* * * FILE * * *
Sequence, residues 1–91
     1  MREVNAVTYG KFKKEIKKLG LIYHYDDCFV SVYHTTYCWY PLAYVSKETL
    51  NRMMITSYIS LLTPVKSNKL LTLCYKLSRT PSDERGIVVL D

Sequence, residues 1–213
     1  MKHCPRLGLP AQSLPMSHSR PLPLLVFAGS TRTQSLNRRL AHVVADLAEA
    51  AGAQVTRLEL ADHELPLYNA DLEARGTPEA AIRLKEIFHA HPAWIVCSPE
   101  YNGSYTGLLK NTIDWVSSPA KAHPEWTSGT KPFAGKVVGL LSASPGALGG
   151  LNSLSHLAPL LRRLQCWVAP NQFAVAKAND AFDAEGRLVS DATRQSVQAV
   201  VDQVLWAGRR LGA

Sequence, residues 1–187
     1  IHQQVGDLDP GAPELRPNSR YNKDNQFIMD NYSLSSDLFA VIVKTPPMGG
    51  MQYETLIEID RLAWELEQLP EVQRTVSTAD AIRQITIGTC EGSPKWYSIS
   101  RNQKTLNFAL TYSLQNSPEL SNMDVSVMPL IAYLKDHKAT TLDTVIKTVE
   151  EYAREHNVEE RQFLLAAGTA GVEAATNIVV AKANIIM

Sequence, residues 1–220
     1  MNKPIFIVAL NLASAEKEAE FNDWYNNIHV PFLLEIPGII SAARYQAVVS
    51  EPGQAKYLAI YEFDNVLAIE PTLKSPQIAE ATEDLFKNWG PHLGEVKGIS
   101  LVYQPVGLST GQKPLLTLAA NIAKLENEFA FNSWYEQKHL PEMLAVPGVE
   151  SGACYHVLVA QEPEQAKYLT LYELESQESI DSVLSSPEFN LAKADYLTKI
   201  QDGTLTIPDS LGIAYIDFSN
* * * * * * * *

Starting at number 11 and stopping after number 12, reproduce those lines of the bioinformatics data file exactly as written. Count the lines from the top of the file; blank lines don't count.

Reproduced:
     1  IHQQVGDLDP GAPELRPNSR YNKDNQFIMD NYSLSSDLFA VIVKTPPMGG
    51  MQYETLIEID RLAWELEQLP EVQRTVSTAD AIRQITIGTC EGSPKWYSIS